If you are the owner, you have a lot more leeway. A lot. You get to ask for a doctor's letter and other goodies. A few things you don't get to ask (read up on the law), but the buck pretty much does stop with you. Most such animals are not certified, owners pay $60 for an online certificate. My ex ran into that a few years back and as an agent she couldn't ask much. But the President of the Association did...….and when the buyer tried to flex, he said "no prob" and put their attorney on them. End result: they were declined. 

That's interesting. I'm the owner.

Yes, I have read about fake service animals, and how easy it is to pay a little money to get them classified.

how did the President of the Association have so much power? since he was not the owner?

I've googled about this a bit, and I hate how websites conflate ESAs with Service Dogs.

They seem to use these two terms interchangeably, and it makes it hard to figure out if I can deny their application.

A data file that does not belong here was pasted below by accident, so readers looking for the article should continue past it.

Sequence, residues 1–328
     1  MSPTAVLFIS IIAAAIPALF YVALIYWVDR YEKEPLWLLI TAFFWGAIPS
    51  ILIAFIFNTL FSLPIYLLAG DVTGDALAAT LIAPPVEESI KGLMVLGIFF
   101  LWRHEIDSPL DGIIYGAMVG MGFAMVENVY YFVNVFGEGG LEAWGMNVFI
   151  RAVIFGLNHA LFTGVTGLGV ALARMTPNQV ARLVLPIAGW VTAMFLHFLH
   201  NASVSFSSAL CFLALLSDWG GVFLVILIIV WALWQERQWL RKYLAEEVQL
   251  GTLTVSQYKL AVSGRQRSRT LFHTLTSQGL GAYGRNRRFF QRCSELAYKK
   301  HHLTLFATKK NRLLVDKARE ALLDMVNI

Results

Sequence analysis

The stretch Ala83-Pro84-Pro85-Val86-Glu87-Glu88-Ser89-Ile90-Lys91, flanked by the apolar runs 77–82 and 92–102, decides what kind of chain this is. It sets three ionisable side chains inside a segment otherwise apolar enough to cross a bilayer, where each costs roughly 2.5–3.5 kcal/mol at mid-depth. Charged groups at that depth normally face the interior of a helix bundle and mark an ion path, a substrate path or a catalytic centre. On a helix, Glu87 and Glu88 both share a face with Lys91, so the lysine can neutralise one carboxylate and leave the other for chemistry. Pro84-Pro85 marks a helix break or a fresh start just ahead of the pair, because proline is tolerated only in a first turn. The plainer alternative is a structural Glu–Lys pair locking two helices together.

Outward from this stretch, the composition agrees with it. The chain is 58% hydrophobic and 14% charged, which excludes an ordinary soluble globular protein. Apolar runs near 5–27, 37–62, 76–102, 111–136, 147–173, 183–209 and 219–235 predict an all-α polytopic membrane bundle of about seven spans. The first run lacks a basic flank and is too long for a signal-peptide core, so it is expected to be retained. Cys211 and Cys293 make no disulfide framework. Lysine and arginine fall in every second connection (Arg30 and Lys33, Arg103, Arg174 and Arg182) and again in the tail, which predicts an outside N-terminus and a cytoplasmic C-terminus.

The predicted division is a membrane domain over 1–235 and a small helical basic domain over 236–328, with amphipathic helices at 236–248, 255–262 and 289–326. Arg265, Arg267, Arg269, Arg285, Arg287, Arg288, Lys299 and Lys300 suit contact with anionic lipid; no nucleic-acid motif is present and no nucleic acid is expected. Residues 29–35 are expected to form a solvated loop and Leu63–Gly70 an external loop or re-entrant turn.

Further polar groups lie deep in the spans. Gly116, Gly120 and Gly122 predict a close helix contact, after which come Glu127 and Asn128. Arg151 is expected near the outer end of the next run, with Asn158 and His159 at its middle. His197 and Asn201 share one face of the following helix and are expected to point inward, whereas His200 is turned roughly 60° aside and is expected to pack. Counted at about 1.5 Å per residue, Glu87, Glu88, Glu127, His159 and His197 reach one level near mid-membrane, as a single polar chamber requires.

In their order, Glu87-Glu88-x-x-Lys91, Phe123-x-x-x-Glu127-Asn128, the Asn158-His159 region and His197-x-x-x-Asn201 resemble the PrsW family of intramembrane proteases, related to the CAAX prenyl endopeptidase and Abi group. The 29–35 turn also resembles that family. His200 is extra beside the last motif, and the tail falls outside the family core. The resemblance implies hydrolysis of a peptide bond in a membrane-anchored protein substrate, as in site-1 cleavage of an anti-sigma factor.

The Fair Housing Act protects owners of emotional support animals to live with their ESA in most housing situations.

Some landlords may be okay with Emotional Support Animals, and some might not

Because landlords are not obliged to accept emotional support animals when processing your application in the same way they have to with service dogs, you may have to accept that some accommodation may be off limits to you if you do not have documentation or an ESA letter from a licensed therapist.

When can apartments not allow my emotional support animal? There are certain circumstances where landlords are not obliged to accept Emotional Support Animals, such as:
  • Buildings that have four or fewer dwellings of which the landlord is the occupant of one